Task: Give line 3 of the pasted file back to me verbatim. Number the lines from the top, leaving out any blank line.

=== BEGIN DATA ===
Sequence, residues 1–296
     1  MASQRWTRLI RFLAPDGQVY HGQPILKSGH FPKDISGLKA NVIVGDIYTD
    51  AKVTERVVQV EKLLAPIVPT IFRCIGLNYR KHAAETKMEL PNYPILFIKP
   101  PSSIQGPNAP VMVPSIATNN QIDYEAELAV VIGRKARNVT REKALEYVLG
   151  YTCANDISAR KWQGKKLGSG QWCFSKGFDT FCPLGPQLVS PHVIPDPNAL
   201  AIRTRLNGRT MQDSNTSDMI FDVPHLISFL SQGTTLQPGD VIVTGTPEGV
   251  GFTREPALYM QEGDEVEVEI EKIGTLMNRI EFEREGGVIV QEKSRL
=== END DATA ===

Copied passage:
    51  AKVTERVVQV EKLLAPIVPT IFRCIGLNYR KHAAETKMEL PNYPILFIKP